Remote Work Turns Work Upside Down
As we near the end of 2020, the coronavirus pandemic wears on as business keeps on. The virus forced us all to work in different ways and in virtual spaces. And for many businesses, remote or at-home work prevails as a survival strategy to sustain operations. With it, comes an age of digital Darwinism of ones still standing and those that disappear.
At the outset, companies big and small wondered: Do we have the right technology to support our virtual workforce? How do we oversee our teams? And will they be productive?
Today, nearly a year into the new normal, many companies and workers are wondering how to and if they should make these work-from-home arrangements permanent.
Window into Working Remote
A recent poll of workers in the U.S., U.K., Germany, Japan and Australia commissioned by Slack, an internet messaging company, provides a good window into the thinking about the future of remote work.
Some of the findings were:
- Knowledge workers are generally more satisfied working from home than being in the office (+9.2).
- The biggest increases in satisfaction are in work-life balance (+25.7), working arrangement (+20.1), managing work-related stress and anxiety (+17.3) and productivity (+10.7). Sense of belonging, however, was rated worse (-5).
- American mothers scored work-life balance (+12) considerably lower than mothers outside the U.S. (+20.4), possibly because of less access to child care.
Looking beyond the findings, it shows that excessive meetings actually undercut a worker’s sense of belonging. Those who attend weekly status meetings felt worse during the pandemic (-2.7) while those who only received status updates “asynchronously through digital channels” felt more belonging (+5.8). It’s not surprising that people prefer less micromanaging.
And for people not traditionally well-represented in the workplace, virtual is actually better. The findings state that historically underrepresented workers valued the remote experience more highly than their white colleagues. These same groups actually reported an increased sense of belonging with remote work—Black (+8.4), Asian (+7.6), Hispanic (+5.2)—while white workers reported a lower sense of belonging (-1.3).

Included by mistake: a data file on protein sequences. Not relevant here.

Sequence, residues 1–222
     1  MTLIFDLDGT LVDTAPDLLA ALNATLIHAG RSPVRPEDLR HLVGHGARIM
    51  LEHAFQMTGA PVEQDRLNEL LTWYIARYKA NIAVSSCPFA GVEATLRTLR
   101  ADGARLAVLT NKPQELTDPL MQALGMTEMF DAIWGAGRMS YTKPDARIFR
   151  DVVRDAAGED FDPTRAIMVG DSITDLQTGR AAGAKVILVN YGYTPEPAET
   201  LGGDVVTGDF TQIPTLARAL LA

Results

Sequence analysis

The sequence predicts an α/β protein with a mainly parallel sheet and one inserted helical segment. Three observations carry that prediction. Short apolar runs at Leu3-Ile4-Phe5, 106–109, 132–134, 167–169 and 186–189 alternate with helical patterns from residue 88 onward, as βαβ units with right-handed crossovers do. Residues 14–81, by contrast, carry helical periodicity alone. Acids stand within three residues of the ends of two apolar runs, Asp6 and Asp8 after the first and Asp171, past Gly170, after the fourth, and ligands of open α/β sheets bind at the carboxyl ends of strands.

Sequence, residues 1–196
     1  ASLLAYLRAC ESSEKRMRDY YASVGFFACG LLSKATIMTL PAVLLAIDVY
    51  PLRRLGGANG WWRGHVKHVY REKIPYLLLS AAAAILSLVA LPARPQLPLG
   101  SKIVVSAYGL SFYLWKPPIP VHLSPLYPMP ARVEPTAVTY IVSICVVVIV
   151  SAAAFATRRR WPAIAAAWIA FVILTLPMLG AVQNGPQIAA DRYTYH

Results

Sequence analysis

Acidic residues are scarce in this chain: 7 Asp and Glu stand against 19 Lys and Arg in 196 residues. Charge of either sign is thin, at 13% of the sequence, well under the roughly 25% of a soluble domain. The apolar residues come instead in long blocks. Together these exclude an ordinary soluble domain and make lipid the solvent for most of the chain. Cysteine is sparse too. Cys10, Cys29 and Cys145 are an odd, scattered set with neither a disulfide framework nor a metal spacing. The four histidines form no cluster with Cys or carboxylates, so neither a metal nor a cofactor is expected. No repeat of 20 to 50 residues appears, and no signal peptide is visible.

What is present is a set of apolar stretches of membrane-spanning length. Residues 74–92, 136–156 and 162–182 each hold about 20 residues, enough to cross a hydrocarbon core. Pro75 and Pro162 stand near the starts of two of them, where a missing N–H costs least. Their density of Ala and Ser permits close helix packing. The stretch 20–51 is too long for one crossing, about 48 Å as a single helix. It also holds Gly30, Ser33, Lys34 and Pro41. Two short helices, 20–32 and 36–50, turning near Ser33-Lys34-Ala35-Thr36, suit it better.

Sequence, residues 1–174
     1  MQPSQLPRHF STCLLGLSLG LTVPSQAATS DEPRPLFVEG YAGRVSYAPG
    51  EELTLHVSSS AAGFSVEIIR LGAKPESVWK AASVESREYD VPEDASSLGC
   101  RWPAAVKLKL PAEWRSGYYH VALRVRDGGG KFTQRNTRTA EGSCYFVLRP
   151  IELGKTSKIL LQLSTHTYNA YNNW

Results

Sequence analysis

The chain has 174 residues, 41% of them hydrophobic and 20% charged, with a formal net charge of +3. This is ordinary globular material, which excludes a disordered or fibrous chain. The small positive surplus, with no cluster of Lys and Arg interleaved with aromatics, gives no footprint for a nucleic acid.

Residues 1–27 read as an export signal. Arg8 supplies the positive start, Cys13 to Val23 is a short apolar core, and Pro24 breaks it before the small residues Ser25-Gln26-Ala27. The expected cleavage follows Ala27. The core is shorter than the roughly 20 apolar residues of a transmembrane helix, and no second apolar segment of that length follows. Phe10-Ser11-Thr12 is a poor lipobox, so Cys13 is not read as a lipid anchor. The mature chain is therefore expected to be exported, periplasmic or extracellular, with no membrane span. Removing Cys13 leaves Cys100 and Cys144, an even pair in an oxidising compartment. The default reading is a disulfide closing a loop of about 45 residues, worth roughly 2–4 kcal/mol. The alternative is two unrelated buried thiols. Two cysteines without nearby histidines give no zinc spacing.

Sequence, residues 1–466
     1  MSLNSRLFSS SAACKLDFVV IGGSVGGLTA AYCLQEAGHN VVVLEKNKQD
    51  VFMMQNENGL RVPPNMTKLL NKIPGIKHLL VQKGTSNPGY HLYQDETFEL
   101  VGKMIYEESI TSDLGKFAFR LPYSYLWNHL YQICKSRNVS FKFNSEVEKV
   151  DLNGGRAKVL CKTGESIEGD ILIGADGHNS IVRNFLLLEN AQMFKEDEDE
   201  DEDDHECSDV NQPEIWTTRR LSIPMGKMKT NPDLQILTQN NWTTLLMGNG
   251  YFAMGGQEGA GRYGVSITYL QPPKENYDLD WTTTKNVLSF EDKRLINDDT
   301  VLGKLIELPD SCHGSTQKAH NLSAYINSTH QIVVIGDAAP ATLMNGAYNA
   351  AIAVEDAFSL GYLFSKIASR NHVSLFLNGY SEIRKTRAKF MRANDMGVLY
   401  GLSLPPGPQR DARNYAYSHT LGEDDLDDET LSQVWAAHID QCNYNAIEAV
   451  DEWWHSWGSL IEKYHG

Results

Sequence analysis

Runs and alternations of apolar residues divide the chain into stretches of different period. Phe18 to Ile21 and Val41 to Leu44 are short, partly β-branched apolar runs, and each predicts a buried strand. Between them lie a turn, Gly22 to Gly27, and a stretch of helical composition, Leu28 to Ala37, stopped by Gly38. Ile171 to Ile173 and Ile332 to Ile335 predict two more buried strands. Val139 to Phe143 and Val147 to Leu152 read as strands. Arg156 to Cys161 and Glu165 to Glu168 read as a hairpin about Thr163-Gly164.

An Upside in Down Times
Certain workplace data stemming from this crisis is surprisingly upbeat, and resourceful companies are responding well as they soldier through it.
Recent Stanford research found:
- 42 percent of the U.S. labor force is now working from home full-time.
- Work-from-home employees now generate more than two-thirds of U.S. economic activity.
- 51 percent of the survey respondents–mostly managers, professionals and financial workers who can carry out their jobs on computers–reported being able to work from home at an efficiency rate of 80 percent or more.
- 65 percent of Americans reported having fast enough internet capacity to support workable video calls.
What’s more, many companies adjusted their operations to accommodate remote workforces.
Virtual is viable with the right processes, professionals and performance metrics in place. Being remote, in fact, requires companies to be more focused, disciplined in their operations and to run leaner, too.
As such, the pandemic forces businesses to re-assess everything—from eliminating layers of management to contracting workers to reducing office space. While the monumental shift to remote work caused by the pandemic shocked even us, it is how our company has operated since its inception more than 24 years ago. We launched our work-from-home model then, and today, it’s helped us maintain business operations during these troubling times.
For those looking to make the change to work-home-home or wanting their workforce operations to be more efficient, we’ve put together a working-from-home eBook to make the transition and continuation smoother and more successful.
Contact us today to consult with one of our business continuity experts.Let's connect.